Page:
In this section, you’ll learn how to get up and running with a stand-alone Anchore Engine installation for trial, demonstration and review with Docker Compose.


The following instructions assume you are using a system running Docker v1.12 or higher, and a version of Docker Compose that supports at least v2 of the docker-compose configuration format.

  • A stand-alone installation will requires at least 4GB of RAM, and enough disk space available to support the largest container images you intend to analyze (we recommend 3x largest container image size). For small images/testing (basic Linux distro images, database images, etc), between 5GB and 10GB of disk space should be sufficient.

Step 1: Setup installation location

Create a directory in which to store your configuration files.

mkdir ~/aevolume
cd ~/aevolume

Step 2: Copy configuration files

Download the latest Anchore Engine container image, which contains the necessary docker-compose.yaml and configuration files that the deployment requires.

# docker pull docker.io/anchore/anchore-engine:latest

Next, copy the included docker-compose.yaml to the ~/aevolume/ directory.

# docker create --name ae docker.io/anchore/anchore-engine:latest
# docker cp ae:/docker-compose.yaml ~/aevolume/docker-compose.yaml
# docker rm ae

Once these steps are complete, your ~/aevolume/ workspace should now look like this:

# cd ~/aevolume
# find .

Step 3: Download and run the containers

Download the containers listed in the docker-compose.yaml, and run the entire setup using the docker-compose CLI. NOTE: by default, all services (including a bundled DB instance) will be transient, and data will be lost if you shut down/restart

# cd ~/aevolume
# docker-compose pull
# docker-compose up -d

Step 4: Verify service availability

After a few moments (depending on system speed), your Anchore Engine services should be up and running, ready to use. You can verify the containers are running with docker-compose:

# cd ~/aevolume
# docker-compose ps
                Name                               Command               State           Ports
aevolume_anchore-db_1                   docker-entrypoint.sh postgres    Up      5432/tcp
aevolume_engine-analyzer_1              /docker-entrypoint.sh anch ...   Up      8228/tcp
aevolume_engine-api_1                   /docker-entrypoint.sh anch ...   Up>8228/tcp
aevolume_engine-catalog_1               /docker-entrypoint.sh anch ...   Up      8228/tcp
aevolume_engine-policy-engine_1         /docker-entrypoint.sh anch ...   Up      8228/tcp
aevolume_engine-simpleq_1               /docker-entrypoint.sh anch ...   Up      8228/tcp

You can run a command to get the status of the Anchore Engine services:

# cd ~/aevolume
# docker-compose exec engine-api anchore-cli system status
Service policy_engine (anchore-quickstart, http://engine-policy-engine:8228): up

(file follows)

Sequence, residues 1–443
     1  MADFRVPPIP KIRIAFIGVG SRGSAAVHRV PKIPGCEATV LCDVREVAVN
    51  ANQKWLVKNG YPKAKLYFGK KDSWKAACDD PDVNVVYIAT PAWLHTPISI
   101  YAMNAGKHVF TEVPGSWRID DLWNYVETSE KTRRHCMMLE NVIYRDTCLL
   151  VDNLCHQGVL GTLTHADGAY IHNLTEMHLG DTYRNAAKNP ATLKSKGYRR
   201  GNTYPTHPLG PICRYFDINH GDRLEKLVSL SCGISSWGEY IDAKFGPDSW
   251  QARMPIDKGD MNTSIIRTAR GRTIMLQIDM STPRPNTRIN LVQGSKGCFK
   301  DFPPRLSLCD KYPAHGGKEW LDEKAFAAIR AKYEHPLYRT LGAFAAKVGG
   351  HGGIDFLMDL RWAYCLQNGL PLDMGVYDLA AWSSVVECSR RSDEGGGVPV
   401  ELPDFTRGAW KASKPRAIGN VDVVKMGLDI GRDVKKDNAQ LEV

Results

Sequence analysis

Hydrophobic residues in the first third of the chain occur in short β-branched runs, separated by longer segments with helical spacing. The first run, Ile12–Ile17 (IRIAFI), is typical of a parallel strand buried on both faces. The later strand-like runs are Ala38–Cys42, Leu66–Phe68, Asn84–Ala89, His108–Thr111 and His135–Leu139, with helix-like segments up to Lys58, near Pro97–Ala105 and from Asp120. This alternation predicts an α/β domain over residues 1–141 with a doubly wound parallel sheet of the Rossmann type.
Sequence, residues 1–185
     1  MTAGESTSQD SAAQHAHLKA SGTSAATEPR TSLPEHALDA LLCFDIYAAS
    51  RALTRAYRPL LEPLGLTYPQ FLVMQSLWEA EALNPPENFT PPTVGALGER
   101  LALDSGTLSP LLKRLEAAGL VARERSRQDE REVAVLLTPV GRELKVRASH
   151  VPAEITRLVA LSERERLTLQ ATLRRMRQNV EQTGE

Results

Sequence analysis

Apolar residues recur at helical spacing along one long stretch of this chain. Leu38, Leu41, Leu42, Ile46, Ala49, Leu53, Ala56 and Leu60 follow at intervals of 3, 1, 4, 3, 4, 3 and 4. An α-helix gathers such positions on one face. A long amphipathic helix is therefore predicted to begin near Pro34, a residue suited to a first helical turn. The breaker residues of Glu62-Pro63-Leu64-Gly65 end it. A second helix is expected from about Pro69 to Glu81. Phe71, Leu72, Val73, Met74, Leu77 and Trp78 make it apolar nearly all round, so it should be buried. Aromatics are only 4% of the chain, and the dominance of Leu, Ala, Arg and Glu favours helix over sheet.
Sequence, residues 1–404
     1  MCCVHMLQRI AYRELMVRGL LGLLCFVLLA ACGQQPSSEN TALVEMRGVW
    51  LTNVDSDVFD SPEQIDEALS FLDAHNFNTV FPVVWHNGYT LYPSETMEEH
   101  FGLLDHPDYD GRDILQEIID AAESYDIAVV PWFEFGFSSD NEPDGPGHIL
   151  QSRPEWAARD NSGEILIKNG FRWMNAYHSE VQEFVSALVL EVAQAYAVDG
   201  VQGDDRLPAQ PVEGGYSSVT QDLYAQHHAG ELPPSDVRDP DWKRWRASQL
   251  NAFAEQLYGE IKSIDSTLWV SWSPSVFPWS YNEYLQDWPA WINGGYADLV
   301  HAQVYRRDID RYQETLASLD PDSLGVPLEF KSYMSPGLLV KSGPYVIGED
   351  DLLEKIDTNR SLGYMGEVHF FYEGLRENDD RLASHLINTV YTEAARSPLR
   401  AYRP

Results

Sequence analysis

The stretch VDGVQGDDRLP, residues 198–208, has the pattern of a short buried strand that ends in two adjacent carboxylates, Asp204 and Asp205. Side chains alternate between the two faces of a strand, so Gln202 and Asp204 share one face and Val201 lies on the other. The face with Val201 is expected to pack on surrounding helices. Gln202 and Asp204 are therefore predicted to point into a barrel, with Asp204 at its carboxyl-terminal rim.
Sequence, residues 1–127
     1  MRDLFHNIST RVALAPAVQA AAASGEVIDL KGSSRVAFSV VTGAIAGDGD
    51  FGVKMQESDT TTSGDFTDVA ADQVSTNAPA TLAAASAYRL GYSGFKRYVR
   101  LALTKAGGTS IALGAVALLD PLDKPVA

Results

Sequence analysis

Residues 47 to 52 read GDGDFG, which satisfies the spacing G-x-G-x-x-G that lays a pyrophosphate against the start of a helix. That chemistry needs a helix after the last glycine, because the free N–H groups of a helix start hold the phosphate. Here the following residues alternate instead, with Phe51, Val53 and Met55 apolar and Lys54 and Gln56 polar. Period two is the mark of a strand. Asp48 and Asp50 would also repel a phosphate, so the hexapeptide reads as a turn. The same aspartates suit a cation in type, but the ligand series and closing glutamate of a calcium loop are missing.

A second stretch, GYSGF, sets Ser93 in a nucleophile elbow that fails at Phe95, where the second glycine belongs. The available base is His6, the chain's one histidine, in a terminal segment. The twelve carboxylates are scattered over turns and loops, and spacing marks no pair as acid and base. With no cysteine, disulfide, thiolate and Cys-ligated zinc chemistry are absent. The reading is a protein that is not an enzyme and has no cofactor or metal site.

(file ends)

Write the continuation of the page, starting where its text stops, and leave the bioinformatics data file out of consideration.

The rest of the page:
Service simplequeue (anchore-quickstart, http://engine-simpleq:8228): up
Service catalog (anchore-quickstart, http://engine-catalog:8228): up
Service analyzer (anchore-quickstart, http://engine-analyzer:8228): up
Service apiext (anchore-quickstart, http://engine-api:8228): up

Engine DB Version: 0.0.10
Engine Code Version: 0.4.0

Note: The first time you run Anchore Engine, it will take some time (10+ minutes, depending on network speed) for the vulnerability data to get synced into the engine. For the best experience, wait until the core vulnerability data feeds have completed before proceeding. You can check the status of your feed sync using the CLI:

# cd ~/aevolume
# docker-compose exec engine-api anchore-cli system feeds list
Feed                   Group                  LastSync                           RecordCount
vulnerabilities        alpine:3.3             2018-06-27T17:13:53.509309Z        457
vulnerabilities        alpine:3.4             2018-06-27T17:13:59.103245Z        594
vulnerabilities        alpine:3.5             2018-06-27T17:14:05.000942Z        649
vulnerabilities        alpine:3.6             2018-06-27T17:14:10.606606Z        632
vulnerabilities        alpine:3.7             2018-06-27T17:14:17.673851Z        767
vulnerabilities        centos:5               2018-06-27T17:14:46.616051Z        1270
vulnerabilities        centos:6               2018-06-27T17:15:18.600668Z        1266
vulnerabilities        centos:7               2018-06-27T17:15:41.468527Z        657
vulnerabilities        debian:10              2018-06-27T17:18:16.960078Z        17494
vulnerabilities        debian:7               2018-06-27T17:21:20.058941Z        20455
vulnerabilities        debian:8               None                               0
vulnerabilities        debian:9               None                               0
vulnerabilities        debian:unstable        None                               0